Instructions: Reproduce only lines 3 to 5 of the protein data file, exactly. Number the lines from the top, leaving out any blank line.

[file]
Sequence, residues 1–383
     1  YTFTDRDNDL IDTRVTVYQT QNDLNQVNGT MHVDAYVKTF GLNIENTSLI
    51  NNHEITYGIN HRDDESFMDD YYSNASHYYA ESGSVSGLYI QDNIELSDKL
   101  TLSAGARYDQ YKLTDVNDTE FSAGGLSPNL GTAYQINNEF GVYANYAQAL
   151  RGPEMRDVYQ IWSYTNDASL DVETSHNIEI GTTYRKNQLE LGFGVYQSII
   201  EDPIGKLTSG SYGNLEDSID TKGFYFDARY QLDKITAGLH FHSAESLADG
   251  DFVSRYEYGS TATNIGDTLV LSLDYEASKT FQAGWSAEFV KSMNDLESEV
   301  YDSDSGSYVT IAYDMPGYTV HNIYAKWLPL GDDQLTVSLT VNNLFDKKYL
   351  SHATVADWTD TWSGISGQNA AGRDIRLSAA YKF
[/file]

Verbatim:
    51  NNHEITYGIN HRDDESFMDD YYSNASHYYA ESGSVSGLYI QDNIELSDKL
   101  TLSAGARYDQ YKLTDVNDTE FSAGGLSPNL GTAYQINNEF GVYANYAQAL
   151  RGPEMRDVYQ IWSYTNDASL DVETSHNIEI GTTYRKNQLE LGFGVYQSII